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With millions of coastal residents either on the move or hunkering down anxiously in place, Hurricane Florence surged toward North Carolina on Tuesday, tracing an unusual path that could lead to tremendous destruction — especially if the immense storm dumps enormous amounts of rain as it moves inland.

"This could be an unprecedented disaster for North Carolina," said Brian McNoldy, a senior research associate at the University of Miami, in a post Tuesday on his popular hurricane blog.

A powerful Category 4 storm, Florence should reach land by Friday, and when it does, it is expected to be a monster. In addition to its powerful winds, the storm will slam the low-lying coasts of North Carolina, South Carolina and Virginia with a huge, life-threatening storm surge, the National Hurricane Center has predicted. And once it is ashore, its drenching rains may cause "catastrophic flash flooding and significant river flooding" over a wide area of the Carolinas and the mid-Atlantic states.

Many coastal residents and vacationing tourists streamed inland Tuesday, prompted by evacuation orders issued by the governors of North and South Carolina and many local authorities.

Others said they would wait, hoping to squeeze in one more day of fishing or beachgoing before heading for the hills. And some said they would defy the storm and stay put.

In Nags Head, N.C., a small beach town in the vulnerable Outer Banks, Mayor Ben Cahoon said he and his wife had decided not to go, despite a mandatory evacuation order that he had helped develop.

"There are folks like myself, who have lived here a long time, who sort of have a sense about these things," he said. "Whether that's entirely rational or not, that's ­something else."

Cahoon, 56, said he would stay for both personal and professional reasons: He wants to be in his own home during the storm, and to be on hand in town in the immediate aftermath to help his constituents recover.

Florence promises to dump exceptional amounts of rain, both on the coast and farther inland.

The National Hurricane Center said 15 to 20 inches could fall in many areas, with some localities getting as much as 30 inches. Intense rainfall from tropical storms holds a special threat for areas with hilly or mountainous terrain: In 2011, Hurricane Irene washed out a dozen bridges and 500 miles of roads in Vermont alone.

State officials said it was too soon to gauge the success of their mass evacuation orders. In Carolina Beach, N.C.,an island community south of Wilmington, about 75 percent of residents had left by Tuesday afternoon, according to town manager Michael Cramer. He said some of the rest would leave on Wednesday, but there were die-hards who would try to ride out the storm in town.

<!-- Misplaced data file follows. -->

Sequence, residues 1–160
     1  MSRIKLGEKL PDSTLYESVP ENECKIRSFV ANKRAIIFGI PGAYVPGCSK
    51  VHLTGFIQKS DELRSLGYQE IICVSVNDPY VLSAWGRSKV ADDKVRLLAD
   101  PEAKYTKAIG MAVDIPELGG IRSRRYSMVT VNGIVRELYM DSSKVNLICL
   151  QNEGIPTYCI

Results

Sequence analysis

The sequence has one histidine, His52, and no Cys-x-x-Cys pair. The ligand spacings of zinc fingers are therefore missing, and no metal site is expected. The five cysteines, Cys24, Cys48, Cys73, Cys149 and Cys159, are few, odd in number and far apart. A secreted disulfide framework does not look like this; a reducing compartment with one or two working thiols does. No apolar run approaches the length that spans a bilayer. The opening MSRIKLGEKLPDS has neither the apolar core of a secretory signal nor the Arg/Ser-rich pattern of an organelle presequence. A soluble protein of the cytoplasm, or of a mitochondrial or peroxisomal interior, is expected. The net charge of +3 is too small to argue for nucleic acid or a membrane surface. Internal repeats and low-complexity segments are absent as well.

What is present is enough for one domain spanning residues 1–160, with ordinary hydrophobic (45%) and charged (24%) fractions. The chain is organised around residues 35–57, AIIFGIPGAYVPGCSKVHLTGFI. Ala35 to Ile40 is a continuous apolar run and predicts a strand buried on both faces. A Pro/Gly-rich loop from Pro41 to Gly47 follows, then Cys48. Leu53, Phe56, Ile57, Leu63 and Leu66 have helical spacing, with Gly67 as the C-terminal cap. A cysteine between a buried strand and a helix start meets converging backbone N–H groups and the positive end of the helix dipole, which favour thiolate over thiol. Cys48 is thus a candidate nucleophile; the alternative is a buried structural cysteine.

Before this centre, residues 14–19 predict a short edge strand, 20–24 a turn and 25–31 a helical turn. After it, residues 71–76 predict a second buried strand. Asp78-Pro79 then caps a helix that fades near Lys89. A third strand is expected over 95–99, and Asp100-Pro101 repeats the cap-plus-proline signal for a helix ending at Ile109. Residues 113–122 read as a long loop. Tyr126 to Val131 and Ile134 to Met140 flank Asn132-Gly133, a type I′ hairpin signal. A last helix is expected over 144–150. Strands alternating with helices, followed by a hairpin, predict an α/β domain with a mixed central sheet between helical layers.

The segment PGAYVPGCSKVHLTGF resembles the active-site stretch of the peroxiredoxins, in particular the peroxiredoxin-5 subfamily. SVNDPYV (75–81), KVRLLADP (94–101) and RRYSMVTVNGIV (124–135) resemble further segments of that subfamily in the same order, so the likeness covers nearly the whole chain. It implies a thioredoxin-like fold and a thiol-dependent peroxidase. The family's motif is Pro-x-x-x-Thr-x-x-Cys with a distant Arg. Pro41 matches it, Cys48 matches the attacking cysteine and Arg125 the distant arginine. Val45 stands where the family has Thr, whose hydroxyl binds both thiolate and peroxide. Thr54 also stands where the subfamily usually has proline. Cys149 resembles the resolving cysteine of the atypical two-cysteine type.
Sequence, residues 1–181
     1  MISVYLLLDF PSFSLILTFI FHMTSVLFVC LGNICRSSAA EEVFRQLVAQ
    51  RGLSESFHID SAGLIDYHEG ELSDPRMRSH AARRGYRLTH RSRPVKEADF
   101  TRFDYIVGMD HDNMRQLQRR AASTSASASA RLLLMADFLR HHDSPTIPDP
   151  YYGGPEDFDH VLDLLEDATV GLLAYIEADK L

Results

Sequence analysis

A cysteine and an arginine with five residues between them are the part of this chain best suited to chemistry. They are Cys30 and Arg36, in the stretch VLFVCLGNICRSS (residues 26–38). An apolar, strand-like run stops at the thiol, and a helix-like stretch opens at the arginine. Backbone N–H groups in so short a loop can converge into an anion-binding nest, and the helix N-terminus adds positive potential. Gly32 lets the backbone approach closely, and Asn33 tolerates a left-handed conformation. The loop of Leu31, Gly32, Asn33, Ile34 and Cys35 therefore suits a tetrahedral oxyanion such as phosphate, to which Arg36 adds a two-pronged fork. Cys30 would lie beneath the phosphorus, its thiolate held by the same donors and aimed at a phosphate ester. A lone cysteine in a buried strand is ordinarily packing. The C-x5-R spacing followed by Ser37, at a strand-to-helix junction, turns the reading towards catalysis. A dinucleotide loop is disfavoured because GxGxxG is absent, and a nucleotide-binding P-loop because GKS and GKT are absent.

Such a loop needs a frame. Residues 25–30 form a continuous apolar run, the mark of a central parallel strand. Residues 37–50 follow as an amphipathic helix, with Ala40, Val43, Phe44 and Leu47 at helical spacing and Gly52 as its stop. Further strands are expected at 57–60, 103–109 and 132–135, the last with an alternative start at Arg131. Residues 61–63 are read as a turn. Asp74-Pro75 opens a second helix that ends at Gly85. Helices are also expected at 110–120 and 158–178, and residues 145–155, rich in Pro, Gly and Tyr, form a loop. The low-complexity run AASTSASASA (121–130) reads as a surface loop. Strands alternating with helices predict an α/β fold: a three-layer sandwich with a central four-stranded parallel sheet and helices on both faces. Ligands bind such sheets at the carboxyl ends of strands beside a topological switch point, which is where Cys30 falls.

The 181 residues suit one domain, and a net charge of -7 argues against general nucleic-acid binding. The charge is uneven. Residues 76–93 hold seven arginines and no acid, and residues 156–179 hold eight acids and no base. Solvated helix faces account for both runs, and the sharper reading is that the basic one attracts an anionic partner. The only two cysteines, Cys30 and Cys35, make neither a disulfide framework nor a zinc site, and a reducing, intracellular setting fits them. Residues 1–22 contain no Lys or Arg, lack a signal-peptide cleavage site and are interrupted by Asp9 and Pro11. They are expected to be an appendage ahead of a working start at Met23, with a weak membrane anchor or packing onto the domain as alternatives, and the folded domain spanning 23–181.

"If somebody needs help, they may be out of luck," ­Cramer said.

Several major highways in South Carolina were made one-way only Tuesday to accommodate people fleeing the coast. Traffic on U.S. 501, which runs north from Myrtle Beach, was four to six times heavier than normal on Tuesday, according to Capt. Kelley Hughes of the state Highway Patrol, while Interstate 26, running west from Charleston, had triple the normal volume.

Across the region, government offices and school systems closed Tuesday or said they would do so Wednesday or Thursday, with some school buildings earmarked for duty as emergency shelters. Giant manufacturers like Boeing, Mercedes-Benz and Volvo that have plants in the region suspended operations, and Walmart closed dozens of stores.

Cellphone carriers including AT&T and Verizon said they were fueling and testing generators in the hope of maintaining service if the storm knocks out electric power, as it is likely to do in many areas.

Utilities warned that restoring power after the storm could take days or even weeks. Duke Energy said it was moving crews to the Carolinas from its divisions in Indiana, Ohio, Kentucky and Florida, and would borrow crews from other utilities outside the storm area.

The South Carolina Electric and Gas Co. said it would release water through its hydroelectric dam on Lake Murray before the storm to lower the water level in the reservoir and head off ­flooding.

Climate change is probably contributing to the menace posed by storms like Florence. Gabriel Vecchi, a Princeton climate scientist, noted that while many scientists are wary of drawing firm links between any particular storm and climate change, a rising sea level adds to the destructiveness of storm surges, and a warming atmosphere holds more moisture, leading to more rain.

A study in December estimated that Hurricane Harvey's rainfall total last year was 38 percent higher than it would have been in a world without climate change.

The storm's rising strength may also be influenced by climate change, according to Jennifer Francis, a Rutgers research professor. She noted that warm ocean water, a source of power for such storms, is currently plentiful in the Atlantic.

And the potential for Florence to linger over the Carolinas after it makes landfall, as Harvey did over the Houston area last year, could also be linked to climate change, Francis said.